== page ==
Prostate cancer is the most common male cancer in the United States, and the third most common worldwide. Prostate biopsies are often performed to confirm a cancer diagnosis and examine suspect tissue. Prostate biopsies are most often performed under transrectal ultrasound imaging (TRUS) guidance. TRUS images in real-time, at relatively low cost, and shows both prostate and boundaries. However, major problems with TRUS imaging are poor spatial resolution and low sensitivity for cancer detection. Fusion of TRUS images with preoperative images such as Magnetic Resonance (MR) or CAT may improve accuracy and resolution. But, this approach still requires TRUS imaging during the procedure and negates some of the relatively low cost. In addition, fusion of TRUS and MR images requires sensors such as electromagnetic (EM) tracking to determine position and orientation. This increases the expense and complicates the process. The TRUS imaging process itself is invasive, stressful to patients, and increases infection risk.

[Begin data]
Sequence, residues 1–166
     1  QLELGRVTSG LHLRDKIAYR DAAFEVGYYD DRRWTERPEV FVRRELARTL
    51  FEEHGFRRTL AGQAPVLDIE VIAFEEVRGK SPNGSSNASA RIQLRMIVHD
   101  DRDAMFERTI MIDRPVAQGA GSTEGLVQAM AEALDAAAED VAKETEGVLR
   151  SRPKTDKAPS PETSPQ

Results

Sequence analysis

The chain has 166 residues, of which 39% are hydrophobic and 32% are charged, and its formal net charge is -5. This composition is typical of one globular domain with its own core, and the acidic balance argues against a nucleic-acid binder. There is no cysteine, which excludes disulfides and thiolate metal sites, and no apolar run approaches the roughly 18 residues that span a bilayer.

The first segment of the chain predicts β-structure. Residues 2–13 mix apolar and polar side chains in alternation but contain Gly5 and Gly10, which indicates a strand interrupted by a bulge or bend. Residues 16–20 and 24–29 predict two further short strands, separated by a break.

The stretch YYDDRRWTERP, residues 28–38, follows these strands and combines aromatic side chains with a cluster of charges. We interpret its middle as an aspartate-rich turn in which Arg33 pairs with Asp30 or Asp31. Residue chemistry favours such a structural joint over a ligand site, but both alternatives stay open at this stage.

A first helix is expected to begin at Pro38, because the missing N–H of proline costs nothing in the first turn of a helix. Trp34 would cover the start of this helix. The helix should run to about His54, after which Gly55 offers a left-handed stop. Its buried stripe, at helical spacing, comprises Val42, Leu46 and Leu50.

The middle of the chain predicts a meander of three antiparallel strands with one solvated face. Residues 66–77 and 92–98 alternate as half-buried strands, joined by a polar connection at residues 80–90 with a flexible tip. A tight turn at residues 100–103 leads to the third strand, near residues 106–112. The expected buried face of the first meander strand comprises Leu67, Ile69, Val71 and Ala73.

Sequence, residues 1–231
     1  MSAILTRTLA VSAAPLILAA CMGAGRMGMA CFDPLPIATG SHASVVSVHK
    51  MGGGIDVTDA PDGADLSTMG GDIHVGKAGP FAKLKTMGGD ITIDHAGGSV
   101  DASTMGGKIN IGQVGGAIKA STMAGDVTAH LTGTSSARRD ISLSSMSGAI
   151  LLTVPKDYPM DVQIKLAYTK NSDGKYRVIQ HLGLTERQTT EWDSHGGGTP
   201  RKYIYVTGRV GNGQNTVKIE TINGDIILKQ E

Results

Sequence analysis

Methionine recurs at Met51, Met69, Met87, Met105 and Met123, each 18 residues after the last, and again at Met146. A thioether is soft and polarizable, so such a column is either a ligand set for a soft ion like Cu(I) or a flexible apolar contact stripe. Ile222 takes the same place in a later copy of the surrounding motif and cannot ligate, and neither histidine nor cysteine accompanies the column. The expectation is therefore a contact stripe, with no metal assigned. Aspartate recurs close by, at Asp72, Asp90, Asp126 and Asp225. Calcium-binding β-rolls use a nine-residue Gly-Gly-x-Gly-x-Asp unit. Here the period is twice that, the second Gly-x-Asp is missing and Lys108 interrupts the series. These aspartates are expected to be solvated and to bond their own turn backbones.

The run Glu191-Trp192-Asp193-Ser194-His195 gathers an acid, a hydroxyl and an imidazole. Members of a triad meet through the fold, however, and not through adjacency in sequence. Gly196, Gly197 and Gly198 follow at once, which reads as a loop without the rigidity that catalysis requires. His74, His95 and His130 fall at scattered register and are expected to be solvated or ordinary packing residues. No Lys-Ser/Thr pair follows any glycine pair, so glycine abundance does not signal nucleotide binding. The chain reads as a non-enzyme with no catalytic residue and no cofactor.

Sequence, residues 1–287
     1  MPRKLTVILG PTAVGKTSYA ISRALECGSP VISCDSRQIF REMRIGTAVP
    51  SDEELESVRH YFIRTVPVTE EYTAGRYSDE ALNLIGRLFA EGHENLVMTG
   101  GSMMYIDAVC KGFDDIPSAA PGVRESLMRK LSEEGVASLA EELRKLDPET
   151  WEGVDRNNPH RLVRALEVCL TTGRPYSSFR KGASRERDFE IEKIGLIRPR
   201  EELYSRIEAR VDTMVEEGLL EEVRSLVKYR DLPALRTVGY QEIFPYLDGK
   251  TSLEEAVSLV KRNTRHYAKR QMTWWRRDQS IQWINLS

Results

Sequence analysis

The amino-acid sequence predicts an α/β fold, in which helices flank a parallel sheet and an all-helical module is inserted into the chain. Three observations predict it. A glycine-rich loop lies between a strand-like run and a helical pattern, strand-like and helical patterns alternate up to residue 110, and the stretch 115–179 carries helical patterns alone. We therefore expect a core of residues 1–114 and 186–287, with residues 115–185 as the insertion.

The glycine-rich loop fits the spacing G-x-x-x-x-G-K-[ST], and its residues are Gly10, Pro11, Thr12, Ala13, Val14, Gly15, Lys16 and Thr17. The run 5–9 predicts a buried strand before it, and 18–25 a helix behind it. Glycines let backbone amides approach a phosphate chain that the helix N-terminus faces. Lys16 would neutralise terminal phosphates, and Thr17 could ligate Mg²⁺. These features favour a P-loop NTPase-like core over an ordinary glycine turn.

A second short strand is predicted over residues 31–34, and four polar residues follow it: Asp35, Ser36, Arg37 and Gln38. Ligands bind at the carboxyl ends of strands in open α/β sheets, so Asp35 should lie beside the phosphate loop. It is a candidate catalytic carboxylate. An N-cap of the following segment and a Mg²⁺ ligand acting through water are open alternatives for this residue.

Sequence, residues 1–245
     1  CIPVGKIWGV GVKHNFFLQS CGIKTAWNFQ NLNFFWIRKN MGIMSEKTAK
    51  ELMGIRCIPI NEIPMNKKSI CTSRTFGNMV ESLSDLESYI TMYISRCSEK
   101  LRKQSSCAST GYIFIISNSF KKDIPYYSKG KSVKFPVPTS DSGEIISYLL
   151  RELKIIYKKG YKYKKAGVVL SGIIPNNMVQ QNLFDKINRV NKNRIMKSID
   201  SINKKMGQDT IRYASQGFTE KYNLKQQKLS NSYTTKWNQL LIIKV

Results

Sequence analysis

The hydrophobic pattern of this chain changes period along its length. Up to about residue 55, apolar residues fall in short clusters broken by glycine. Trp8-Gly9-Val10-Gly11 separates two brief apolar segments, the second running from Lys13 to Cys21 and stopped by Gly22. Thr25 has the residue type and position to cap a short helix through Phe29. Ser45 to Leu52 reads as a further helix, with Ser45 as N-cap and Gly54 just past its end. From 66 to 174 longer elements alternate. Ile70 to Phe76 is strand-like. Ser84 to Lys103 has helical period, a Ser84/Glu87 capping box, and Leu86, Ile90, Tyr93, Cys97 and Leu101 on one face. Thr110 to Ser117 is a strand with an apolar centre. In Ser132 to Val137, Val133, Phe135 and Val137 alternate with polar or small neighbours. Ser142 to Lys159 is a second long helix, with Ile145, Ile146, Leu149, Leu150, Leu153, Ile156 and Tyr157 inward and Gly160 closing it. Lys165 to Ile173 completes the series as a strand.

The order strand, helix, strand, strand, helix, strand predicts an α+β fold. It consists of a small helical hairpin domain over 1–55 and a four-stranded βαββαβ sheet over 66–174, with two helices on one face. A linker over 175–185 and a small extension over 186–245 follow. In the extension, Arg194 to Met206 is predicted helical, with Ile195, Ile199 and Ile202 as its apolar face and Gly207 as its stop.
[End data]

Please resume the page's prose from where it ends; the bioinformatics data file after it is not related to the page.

Researchers at Clinical Center (CC) developed a system that enables less-invasive prostate biopsies without the need for a tracking sensor. This is done through elimination of the TRUS probe in favor of a 3D ultrasound probe and custom image pre-registration to preoperative high-resolution volume scan (such as MR or CAT). The use of the 3-D probe allows for ultrasound image acquisition via perineal placement. The ultrasound images are registered to a biopsy needle guidance grid. To improve accuracy, the image registration to the grid trajectories is fused with grid registration images from preoperative MR or CAT images. The specific apertures in the needle guidance grid is selected based on the optimal trajectories to target tissue area for biopsy. This system offers a simpler, more accurate, less invasive and less expensive procedure than traditional TRUS-guided fusion biopsy.